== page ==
The Avanti is something else again. It is a conspicuously daring gamble by President Sherwood Egbert to restore luster to Studebaker's faded name. As such, the Avanti is important not only for the profits it will make but also as an "emotion-mover" (in industry jargon) to attract customers into Studebaker showrooms.
The car is an audacious one for America. Raymond Loewy's racy fast-back coachwork (roof line sloping directly to the car's rearmost extremity) is easily the industry's most spectacular at this moment (although Chevy's 1963 Corvette, to be unveiled in two weeks, is going to open an eye or two). The car's performance can be breathtaking. Supercharged engines are available, and an Avanti in the most highly modified trim became the world's quickest passenger car by averaging no less than 168.15 mph at Bonneville in two-way flying mile runs. Most buyers of supercharged Avantis will specify a less violent package. Equipped with the standard, unsupercharged 289-cubic-inch V-8, the hp rating of which has not been disclosed, the light (3,000 pounds), compact (a foot shorter than the 'Bird), normal Avanti is plenty hot. Manual transmissions are available, as is not the case with 'Birds and Rivieras.
In trying out the three cars, not as a cornering demon but merely as a keen motorist, I found them all comfortable, peppy, stable at high speeds and vice-free to the limited degree that I attempted vigorous driving. The Avanti felt lightest and stiffest, as it should have, and had the quickest steering. The Riviera pilot model had ultrasensitive brakes, which took some getting used to—a point soon forgotten in the exhilaration of doing 100 mph with a feeling of complete security over the wavy asphalt of a narrow two-lane road. In 400 miles at the wheel of a Thunderbird roadster, mostly in the 70-to-80-mph range on expressways, I experienced the sense of well-being that accompanies rapid motoring in a well-appointed car.
These personal cars accentuate the recent sweeping industry move toward features with a sportive flavor—especially bucket seats. The trend continues in the 1963 models now being introduced. Technical innovation is largely absent from the new models, although Cadillac will have a new 325-hp V-8 engine and Chevy a new 230-cubic-inch six.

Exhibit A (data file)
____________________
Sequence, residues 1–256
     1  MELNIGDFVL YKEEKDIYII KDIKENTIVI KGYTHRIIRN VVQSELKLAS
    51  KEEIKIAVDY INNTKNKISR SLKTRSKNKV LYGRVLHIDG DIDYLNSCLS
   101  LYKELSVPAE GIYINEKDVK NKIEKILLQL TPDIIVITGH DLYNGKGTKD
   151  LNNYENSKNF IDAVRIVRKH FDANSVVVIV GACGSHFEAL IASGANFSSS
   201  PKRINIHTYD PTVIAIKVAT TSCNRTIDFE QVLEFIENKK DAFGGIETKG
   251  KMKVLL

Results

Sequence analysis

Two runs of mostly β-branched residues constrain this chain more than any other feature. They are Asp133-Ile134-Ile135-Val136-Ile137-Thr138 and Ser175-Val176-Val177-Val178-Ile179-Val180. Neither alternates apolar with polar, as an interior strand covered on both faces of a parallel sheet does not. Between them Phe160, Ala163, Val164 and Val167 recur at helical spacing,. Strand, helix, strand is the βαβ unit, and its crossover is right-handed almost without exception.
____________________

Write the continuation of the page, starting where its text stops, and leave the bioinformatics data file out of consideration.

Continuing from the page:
Many cars will have a different look, but in most cases only subtly so. Ford is adding convertibles in its Falcon and Comet compact lines; Mercury is adding engine oomph; the Ford Galaxie will offer as optional the swing-away steering wheel pioneered by the Thunderbird, and will have an optional four-speed stick shift.
Chrysler Corporation has replaced its Dodge Lancer with a new 111-inch-wheelbase Dart; standard Dodges are longer, as are Valiants and Plymouths; and the Imperial's gunsight tailpieces are no more. The industry is generally cleaning up and simplifying car exteriors. Ramblers have been given their first major restyling in years and are a bit shorter, although wheelbase length has been increased. Studebaker has again changed the familiar Lark in minor ways and is not expected to alter the Lark look drastically until next year. Powerful, virtually fade-proof disk brakes on the front wheels, one of the Avanti's best features, will be offered at extra cost in all other Studebakers.
As the battle of the automobile marketplace warms up to its customary frantic pitch, however, there will probably be no more exciting contest than that between the 'Bird and the sharp-clawed Riviera and Avanti. The champ has drawn two bright competitors.
Sporty Riviera by Buick has a markedly wide front, four headlights, massive parking light pods (in front fenders) and eggcrate grille. The driving wheel can be adjusted to seven positions. The body is steel, the hubcaps are simulated knock-offs (√† la Indianapolis) and the roof line reflects the Thunderbird influence, now heavily copied in the industry. The Avanti by Studebaker (right) is of fiber glass, has but two headlights and no grille. Designed by Raymond Loewy, it has an air scoop below the front bumper, is stylishly pinch-waisted and fast-backed. Advertised as fast and safe, it has disk brakes and a roll bar in the roof.